But i you want that your server can read all the user messages at any time, then you cannot of course keep the messages encrypted with users key. You have then use a separate key that is known to server only. Server encrypts and decrypts all messages in database with this key. When a message needs to be sent to user, server decrypts it with its, then encrypts with user's public key and sends it to user. If an attacker obtains your database, he will need also a password that server is using for encryption/decryption. You can use HSM to mitigate it.

To encryption: The most reliable solution would be to use PKIs. You can provide a web application, that during user registration generates key pair in browser and sends public key to your server. Your server uses later on this key to encrypt messages to this user.


Each registered user should have a Public Key stored on the server and a cryptosystem which cobines public and symmetric encryption should be used.

Then, anyone would be able to exchange any number of offline messages with any registered user. Each registered user would be able to answer those messages if you use ElGamal Cryptosystem which combines Public and Symmetric Encryption. Elgamal is very easy and amazing - https://en.wikipedia.org/wiki/ElGamal_encryption.

Each public key is generated in the following way: Take a secret x from a ciclic group and compute the public key $X = g^x$. All information about the ciclic group is also public (i.e. saved on the server).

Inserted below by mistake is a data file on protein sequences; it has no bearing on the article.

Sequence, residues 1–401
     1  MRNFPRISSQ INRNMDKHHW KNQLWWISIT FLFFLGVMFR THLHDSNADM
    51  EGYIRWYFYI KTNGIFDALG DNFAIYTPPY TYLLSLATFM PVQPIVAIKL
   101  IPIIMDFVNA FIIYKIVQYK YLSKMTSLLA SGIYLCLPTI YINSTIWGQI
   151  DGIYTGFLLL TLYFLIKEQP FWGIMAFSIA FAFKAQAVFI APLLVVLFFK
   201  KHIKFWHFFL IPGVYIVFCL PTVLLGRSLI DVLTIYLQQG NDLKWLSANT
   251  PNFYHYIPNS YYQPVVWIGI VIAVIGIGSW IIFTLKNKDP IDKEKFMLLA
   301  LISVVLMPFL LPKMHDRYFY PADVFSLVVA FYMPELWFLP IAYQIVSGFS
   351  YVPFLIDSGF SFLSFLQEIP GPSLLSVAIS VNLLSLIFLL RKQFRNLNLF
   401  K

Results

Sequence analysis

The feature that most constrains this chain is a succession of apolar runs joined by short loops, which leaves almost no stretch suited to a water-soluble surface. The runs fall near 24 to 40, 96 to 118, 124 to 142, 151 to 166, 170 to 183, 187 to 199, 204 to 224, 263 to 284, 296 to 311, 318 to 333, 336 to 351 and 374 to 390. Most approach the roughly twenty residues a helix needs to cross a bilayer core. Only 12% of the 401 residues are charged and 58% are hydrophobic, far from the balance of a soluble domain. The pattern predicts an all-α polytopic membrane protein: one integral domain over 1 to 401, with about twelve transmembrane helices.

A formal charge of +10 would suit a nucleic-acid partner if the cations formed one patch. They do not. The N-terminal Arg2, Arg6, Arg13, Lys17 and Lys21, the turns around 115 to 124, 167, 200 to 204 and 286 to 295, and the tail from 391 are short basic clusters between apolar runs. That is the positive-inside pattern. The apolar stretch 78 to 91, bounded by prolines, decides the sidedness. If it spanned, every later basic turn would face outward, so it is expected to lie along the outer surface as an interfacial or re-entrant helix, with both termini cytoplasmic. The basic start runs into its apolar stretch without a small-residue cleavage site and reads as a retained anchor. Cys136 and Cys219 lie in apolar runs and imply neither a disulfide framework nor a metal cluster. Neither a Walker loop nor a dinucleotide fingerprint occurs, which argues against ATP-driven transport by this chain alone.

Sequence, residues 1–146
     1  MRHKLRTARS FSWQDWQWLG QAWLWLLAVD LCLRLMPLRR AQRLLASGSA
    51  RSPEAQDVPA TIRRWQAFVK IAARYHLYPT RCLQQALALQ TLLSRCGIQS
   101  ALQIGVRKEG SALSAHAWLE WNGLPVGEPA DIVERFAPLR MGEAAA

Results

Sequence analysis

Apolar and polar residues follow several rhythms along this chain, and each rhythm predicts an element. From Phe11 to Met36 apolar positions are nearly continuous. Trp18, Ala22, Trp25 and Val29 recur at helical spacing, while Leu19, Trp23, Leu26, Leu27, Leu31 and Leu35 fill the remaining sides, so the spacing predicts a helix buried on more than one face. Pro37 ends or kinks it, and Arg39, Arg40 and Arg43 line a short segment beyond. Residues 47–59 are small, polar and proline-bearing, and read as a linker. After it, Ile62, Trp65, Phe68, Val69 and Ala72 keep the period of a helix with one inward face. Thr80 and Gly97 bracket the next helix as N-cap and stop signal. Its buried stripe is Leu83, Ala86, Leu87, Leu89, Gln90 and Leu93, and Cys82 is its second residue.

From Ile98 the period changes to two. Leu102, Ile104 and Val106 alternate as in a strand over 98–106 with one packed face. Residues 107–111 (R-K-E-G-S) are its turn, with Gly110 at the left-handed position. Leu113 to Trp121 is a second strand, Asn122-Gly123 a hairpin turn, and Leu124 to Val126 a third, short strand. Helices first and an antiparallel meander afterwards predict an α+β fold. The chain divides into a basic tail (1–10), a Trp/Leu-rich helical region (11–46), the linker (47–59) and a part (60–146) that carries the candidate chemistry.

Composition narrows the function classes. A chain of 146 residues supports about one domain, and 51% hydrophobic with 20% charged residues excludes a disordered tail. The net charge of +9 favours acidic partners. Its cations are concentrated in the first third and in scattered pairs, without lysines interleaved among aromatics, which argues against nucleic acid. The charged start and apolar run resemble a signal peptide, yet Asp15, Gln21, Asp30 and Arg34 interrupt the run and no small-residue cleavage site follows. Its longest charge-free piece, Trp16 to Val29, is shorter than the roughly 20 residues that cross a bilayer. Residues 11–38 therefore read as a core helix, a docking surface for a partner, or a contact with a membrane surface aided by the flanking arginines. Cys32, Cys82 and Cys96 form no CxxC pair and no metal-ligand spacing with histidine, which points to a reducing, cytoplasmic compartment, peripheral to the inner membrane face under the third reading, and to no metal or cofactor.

Each sender (guest or not) generates an ephemeral secret key y from the ciclic group and computes a correspondig ephemeral public key $Y = g^x$.

The encryption key can only be generated by sender ($K = X^y$) and receiver ($K = Y^x$). Y should be attached to the message.

Notice ElGamal uses the concept of Diffie-Hellman without the Man-in-the-middle flaw - even the server, which acts as the intermediate channel to share the messages, is not able to get K.


The fundamental issues as I see it are:

  1. The guest only has to enter his e-mail address and should not have to create an account

This suggests the guest is unregistered (hence guest) so no attributable encryption keys.

  1. a hacker who steals the database cannot decrypt the messages

This is fairly vague and begs the question of what exactly is in the potentially stolen database or are you actually referring to the entire system theft?

If the concern is just the database then keeping the keys elsewhere meets the criteria. This could be as simple as a fixed key in an external process, or an external key process based upon the guest email.

If the concern is actually whole system theft and not just the database, then a similar approach is possible with the requirement that any keys are loaded and maintained only in memory from an external source that is removed upon start up.

If the concern is complete run time compromise with full memory access by the attacker, then I have no idea!